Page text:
That zucchini? Yeah. That one that your friend generously gave you from her garden but that you can’t bring yourself to eat because you’re tired of zucchini and maybe not that crazy about them anyway…and because maybe it sat for a month and is weird and soft now… I’ve come up with a way to eat it. Though food occupies my mind most of the day, I don’t post recipes on here because of the tedious directions I’d need to type out. I’m going to do this for you now. This is a pizza. This pizza is not for the faint of heart and it is by no stretch of the imagination what some might call a “flatbread”.
(Thank you Word press for your autocorrect spellcheck. Thank you now and forever.)
For the crust:
a medium/smallish zucchini or summer squash
whole wheat flour
1 tsp kosher salt
1 tbsp. brown sugar
2 tbsp. olive oil
1 tbsp. or 1 packet of yeast
1 cup of warm water
Swirl the yeast, salt and water in a large, warm bowl until all is dissolved. Let this sit for a few minutes, maybe even ten minutes, until the yeast blooms on the surface of the water. It will look frothy and foamy. Maybe this step is just for fun and maybe it isn’t. If it doesn’t bloom, carry on with the recipe anyway. I always do. While you’re waiting for this yeast “science” to happen you can shred the zucchini on a cheese grater. You’re going to toss it in with the yeast/water mixture and eventually knead it into the pizza crust. This is the part where we make the unappealing zucchini disappear so that you’ll be able to eat it once and for all. Go ahead and shred the zucchini (Like the time when that guy(or lady or whoever) you really liked shredded your heart. Like that. Food comforts, so keep making the dang pizza.) Mix the zucchini, salt and olive oil into the yeast/water/sugar mixture and stir to combine.
Now, for those of you who are regular bread bakers and pizza crust makers, this next part will be a breeze (unless the bread you make always turns out badly). For those of you who are not, don’t worry. It takes a little finesse, but you can knead this dough to perfection just like the rest of them. Start by stirring 1 cup of white flour and 1 cup of whole wheat flour into the yeast mixture. Mix it well and then continue to stir in only white flour, a little bit at a time, until the dough comes together in one mass and looks like you could handle it without it sticking to your hands too much. Dust some flour onto a clean work surface and dump the dough onto it. Knead the dough to perfection. You’ll continue to add white flour as you work it. Don’t add too much! It is OK to have the dough on the looser side. After a few minutes have passed and the dough no longer aggressively sticks to your hands and it has become wonderfully smooth and elastic, scrape out the bowl you mixed it in, swirl some olive oil in it, and put the dough back in there. Flip it once so that both sides are oiled, cover it with a towel, and let it rise in a warm place for an hour or until it has doubled in size.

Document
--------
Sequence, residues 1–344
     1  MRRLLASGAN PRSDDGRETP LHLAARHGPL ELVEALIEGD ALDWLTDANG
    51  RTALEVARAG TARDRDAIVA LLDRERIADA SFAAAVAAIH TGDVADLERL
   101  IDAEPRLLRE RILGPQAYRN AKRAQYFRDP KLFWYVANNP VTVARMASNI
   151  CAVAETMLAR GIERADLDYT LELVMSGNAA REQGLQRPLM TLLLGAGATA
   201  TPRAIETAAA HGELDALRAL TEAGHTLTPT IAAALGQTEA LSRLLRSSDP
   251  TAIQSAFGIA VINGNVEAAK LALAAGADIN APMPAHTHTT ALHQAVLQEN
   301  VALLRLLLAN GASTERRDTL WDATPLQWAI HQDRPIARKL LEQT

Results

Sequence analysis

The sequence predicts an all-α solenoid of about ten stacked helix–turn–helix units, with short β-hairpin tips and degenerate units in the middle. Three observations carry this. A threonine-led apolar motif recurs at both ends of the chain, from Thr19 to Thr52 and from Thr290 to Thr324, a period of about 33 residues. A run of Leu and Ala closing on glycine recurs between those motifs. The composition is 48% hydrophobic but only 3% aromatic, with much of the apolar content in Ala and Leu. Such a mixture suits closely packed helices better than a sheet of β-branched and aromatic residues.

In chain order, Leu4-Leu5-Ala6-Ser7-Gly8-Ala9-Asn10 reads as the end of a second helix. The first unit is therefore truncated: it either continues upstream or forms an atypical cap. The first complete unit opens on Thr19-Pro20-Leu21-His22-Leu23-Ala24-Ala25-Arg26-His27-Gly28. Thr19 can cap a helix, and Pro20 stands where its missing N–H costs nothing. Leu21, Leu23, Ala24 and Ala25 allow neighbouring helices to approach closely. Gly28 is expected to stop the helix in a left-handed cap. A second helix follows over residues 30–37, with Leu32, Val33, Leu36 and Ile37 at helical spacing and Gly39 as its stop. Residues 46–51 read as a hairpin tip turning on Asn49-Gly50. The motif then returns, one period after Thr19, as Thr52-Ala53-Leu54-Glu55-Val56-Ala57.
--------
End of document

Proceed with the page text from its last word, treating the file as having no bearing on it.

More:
This is what I put on my pizza tonight and it was good:
shredded mozzarella, plus maybe a little cheddar and parmesan
roasted Serrano chilis
sautéed mushrooms with fresh parsley and a little salt (Enough so that you can eat most of them and still have some left to top your pizza. Know thyself.)
thinly sliced onion
your favorite tomato sauce (If your tomato sauce is not good, your pizza will not be good.)
Pre-heat the oven to 425 degrees. Grease a pizza pan or a cookie sheet and ever so gently, like it is the most important thing you’ll do all evening, dump the risen dough onto your work surface and stretch it evenly to fit your pan. Put it onto the pan. Put your chosen tomato sauce, cheeses, and toppings on the dough. If you’d like to go the extra mile here you might try basting the crust with olive oil and then sprinkling some parmesan cheese on it. Sprinkle whatever herbs you like on top of everything else (basil, parsley, oregano or black pepper) and throw the whole mess into the oven for 10-20 minutes. Bake the pizza until the crust and cheese are deeply browned and your whole house smells like you’ve just done something beautiful. If the pizza is watery in the center because you loaded it up with so many toppings, just let it set for a few minutes out of the oven before you cut into it. Ideally, the addition of the shredded zucchini to the crust will make it perfectly crunchy on the outside and chewy on the inside. Eat some of the pizza, but not before you have fully experienced it otherwise by smelling, photographing, gazing upon and listening to it. Share some of it with whoever is around. In the morning you can re-heat a slice in the toaster and put a fried egg on top. If you put an egg on it you can call it breakfast. You may especially call it breakfast if you have coffee too.